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Exploit attacks Flash Player 9 and 10 as well as Reader/Acrobat 9.x

Steve Jobs has been on a crusade against Adobe Flash for quite sometime citing issues with performance, stability, and security. Today, Adobe is fueling Jobs' concerns and likely giving the Apple CEO fodder for his WWDC keynote which is coming up on Monday.

According to Adobe, there is a critical vulnerability in versions of Flash Player (Windows, OS X, Linux, Solaris) and Reader/Acrobat 9.x (Windows, OS X, UNIX). The exploit allow a hacker to gain control over an affected system.

Even more troubling is that Adobe says that it currently doesn't have a fix and "there are reports that this vulnerability is being actively exploited in the wild."

Adobe says that the following versions of its products are affected:

  • Adobe Flash Player 10.0.45.2, 9.0.262, and earlier 10.0.x and 9.0.x versions
  • Adobe Reader and Acrobat 9.3.2 and earlier 9.x versions

It should be noted however, that the current Release Candidate version of Flash Player 10.1 "does not appear to be vulnerable" to this exploit and Adobe Reader/Acrobat 8.x are also safe.

You can view Adobe's full advisory on the exploit here which also details steps to minimize the impact of the exploit with Reader/Acrobat 9.x.



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By ncage on 6/5/2010 7:52:58 PM , Rating: 2
Its more than that. There is a reason why they want control. I'm not saying apples model is perfect but it does lead to some key advantages. If apple would allow people to build applications on their hardware maybe that technology be it flash/silverlight/air/ect then they are less control the direction of the platform. They are going to infuriate users if they change the platform in such a way that breaks their exiting apps/content. This is in essence what happened when microsoft went to windows vista. There were so many lazy developers out there that were using bad practices and when microsoft hardened the security then it broke things. Of course windows is the opposite of what apple does. You can install anything you want from any place you please and one of the reasons windows has so much trouble with malware.

I think a lot of developers would use something like adobe air if they could to develop iphone apps (assuming they don't need the horsepower like for games) because the developer experience for developing iphone apps is horrible. Its like programming back in the 80s with Object-C. I think, there in, lies the problem. They don't want a lot of developers moving over to technologies like adobe air.

Going back to phones i actually think microsofts new phone is going the right direction. Some control but not so unstructured (andriod) that it causes fragmentation. I mean some of the limitations of previous iphones were stupid. You can't change the wallpaper would be a good example until IS OS Phone 4.0 is released.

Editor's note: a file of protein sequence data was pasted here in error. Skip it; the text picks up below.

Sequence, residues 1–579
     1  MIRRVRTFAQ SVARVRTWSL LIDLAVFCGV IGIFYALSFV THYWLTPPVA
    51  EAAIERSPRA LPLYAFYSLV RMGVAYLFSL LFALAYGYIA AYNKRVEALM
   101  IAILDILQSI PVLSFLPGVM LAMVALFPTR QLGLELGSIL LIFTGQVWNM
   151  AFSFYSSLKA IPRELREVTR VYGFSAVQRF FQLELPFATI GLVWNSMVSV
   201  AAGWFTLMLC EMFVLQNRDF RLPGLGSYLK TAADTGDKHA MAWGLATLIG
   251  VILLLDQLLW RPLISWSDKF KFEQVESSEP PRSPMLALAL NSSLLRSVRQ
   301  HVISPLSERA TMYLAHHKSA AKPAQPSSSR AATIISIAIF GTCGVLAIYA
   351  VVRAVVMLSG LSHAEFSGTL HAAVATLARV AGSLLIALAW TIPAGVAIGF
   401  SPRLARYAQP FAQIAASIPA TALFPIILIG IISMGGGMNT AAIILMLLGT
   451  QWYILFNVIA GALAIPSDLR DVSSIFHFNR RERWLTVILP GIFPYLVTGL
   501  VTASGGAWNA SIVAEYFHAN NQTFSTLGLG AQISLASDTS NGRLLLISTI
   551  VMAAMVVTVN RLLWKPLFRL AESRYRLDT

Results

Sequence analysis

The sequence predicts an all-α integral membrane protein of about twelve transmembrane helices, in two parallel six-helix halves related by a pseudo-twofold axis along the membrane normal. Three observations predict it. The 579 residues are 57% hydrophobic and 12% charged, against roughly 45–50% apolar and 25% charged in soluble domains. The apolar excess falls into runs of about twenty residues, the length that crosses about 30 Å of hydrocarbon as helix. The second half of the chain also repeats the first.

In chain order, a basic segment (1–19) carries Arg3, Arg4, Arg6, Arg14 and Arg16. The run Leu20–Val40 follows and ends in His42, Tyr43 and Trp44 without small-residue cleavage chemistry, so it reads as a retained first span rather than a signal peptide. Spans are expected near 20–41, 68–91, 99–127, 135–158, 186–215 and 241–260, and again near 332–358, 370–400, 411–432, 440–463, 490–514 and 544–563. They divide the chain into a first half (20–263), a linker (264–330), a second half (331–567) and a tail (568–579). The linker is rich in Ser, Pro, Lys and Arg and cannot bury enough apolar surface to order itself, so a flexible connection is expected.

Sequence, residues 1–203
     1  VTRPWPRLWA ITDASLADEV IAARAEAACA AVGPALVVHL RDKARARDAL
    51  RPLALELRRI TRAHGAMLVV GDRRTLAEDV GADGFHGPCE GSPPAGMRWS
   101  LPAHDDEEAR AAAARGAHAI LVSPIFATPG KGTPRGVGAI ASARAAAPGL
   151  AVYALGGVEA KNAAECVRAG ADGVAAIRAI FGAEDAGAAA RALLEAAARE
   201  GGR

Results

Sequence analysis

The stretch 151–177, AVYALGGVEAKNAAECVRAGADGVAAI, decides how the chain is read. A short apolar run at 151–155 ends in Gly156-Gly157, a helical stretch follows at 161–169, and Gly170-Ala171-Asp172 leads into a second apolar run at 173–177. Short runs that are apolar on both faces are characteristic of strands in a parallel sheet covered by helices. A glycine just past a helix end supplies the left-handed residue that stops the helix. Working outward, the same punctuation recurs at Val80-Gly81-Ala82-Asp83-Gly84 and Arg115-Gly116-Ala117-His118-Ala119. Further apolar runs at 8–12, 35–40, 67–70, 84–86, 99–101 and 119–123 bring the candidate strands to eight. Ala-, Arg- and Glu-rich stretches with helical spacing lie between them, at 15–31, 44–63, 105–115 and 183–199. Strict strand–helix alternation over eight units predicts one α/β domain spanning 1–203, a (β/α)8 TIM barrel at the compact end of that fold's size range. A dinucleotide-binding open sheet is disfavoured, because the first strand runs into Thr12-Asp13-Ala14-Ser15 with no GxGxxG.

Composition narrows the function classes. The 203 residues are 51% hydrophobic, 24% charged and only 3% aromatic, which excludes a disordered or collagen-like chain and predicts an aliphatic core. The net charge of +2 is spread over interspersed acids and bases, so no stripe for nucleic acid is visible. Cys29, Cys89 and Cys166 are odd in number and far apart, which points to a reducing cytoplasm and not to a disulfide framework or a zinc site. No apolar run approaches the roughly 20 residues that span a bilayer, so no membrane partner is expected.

I have no idea why people fight over this flash issue so much. If i had the ability to install flash on my phone i wouldn't. What does flash, in the majority of cases, add to the experience? Marketing/Add is what it adds. Now until HTML 5 becomes available and a standard video format that the industry stands around then the only thing i won't to do is to be able to click on a flash video and play it in a stand alone player or if a company wants to get its content to you they will through a stand alone app.


By Reclaimer77 on 6/5/2010 8:26:46 PM , Rating: 3
Well for one thing, without Flash support millions of bored housewives and people with too much time on their hands are unable to play Farmville on Facebook!!

That alone is reason enough to support it.


By The Raven on 6/7/2010 10:44:15 AM , Rating: 2
quote:
If apple would allow people to build applications on their hardware maybe that technology be it flash/silverlight/air/ect then they are less control the direction of the platform. They are going to infuriate users if they change the platform in such a way that breaks their exiting apps/content. This is in essence what happened when microsoft went to windows vista.


Although I agree with your main point (advantages to Apple strategy), you cite the 'openess' of MS as the reason for Vista's failure when XP did the same thing and was sucessful for it. XP wouldn't be as sucessful if MS made it so limited software was available for it. They made sure apps were available for it and the success followed.

Look at the iPhone itself. Apple made it so that it was easy to make apps for the phone. In that way, it is open, and the openess brought it success. Now they are saying no to Flash and that is the opposite of what brought them success from this point of view anyway. The quality aspect is another story, but that is why it is a bit controversial.


"I want people to see my movies in the best formats possible. For [Paramount] to deny people who have Blu-ray sucks!" -- Movie Director Michael Bay

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